|The village sign|
The story goes that many years ago a pedlar from the Norfolk market town of Swaffham dreamed that he should travel to London where a man on London Bridge would tell him where to find a buried treasure. The pedlar's name was John Chapman (an old word for pedlar) and he told his family of his dream but they laughed and said he would be wasting his time. But Chapman ignored them and, taking his dog and his pack, set off for the capital.
|15th century original|
He told no-one of his find, and placed the pot among the others in his home. The surface was decorated and had a Latin inscription around it, but the pedlar could not read Latin. Then one day a monk on his way to a pilgrimage in Walsingham told Chapman what it said. The inscription translated as "Where you find me, dig to find another." So Chapman went back into his garden and dug in the same spot, where he found an even bigger pot full of gold coins.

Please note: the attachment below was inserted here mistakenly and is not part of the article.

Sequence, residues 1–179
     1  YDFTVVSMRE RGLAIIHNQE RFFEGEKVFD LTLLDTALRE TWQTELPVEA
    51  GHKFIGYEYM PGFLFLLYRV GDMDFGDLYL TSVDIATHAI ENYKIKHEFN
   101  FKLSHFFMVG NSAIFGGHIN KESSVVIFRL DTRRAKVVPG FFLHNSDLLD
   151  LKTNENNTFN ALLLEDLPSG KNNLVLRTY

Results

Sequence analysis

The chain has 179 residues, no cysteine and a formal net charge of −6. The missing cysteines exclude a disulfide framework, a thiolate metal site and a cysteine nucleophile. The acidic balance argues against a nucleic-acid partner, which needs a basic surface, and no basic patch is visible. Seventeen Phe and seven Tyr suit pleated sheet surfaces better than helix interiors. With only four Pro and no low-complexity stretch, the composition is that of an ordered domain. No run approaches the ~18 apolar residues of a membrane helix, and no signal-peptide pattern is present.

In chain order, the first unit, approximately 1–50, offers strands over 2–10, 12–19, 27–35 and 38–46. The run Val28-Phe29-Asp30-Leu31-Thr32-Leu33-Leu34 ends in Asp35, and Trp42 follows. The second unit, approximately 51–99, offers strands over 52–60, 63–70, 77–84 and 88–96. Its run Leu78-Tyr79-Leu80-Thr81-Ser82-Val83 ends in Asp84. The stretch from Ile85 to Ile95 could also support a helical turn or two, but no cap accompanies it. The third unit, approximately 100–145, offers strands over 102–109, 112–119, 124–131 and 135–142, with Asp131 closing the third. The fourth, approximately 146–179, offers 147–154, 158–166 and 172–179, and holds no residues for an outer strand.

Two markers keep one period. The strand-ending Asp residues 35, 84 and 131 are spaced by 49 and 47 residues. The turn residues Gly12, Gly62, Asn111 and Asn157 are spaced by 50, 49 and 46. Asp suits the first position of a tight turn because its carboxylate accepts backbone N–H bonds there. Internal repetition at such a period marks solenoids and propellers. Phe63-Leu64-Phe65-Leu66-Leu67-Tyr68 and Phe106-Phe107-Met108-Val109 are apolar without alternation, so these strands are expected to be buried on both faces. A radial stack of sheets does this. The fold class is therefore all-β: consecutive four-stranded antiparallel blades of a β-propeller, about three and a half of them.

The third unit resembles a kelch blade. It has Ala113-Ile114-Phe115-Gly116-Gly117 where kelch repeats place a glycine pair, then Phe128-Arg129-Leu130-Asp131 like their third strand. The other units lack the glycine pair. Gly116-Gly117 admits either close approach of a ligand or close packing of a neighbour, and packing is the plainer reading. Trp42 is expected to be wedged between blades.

Enough money was left over to build the tower and spire.
And now the facts:
There really was a churchwarden called John Chapman who paid a great deal of money towards the church restoration in 1460. Contemporaneous carvings of a pedlar carrying a pack, a dog, and a woman using rosary beads are currently incorporated into the clergy stalls. They are believed to be from the original Chapman family pew. When the Victorians replaced the old-fashioned box pews they put a replica carving of the pedlar on the front row of the new seating.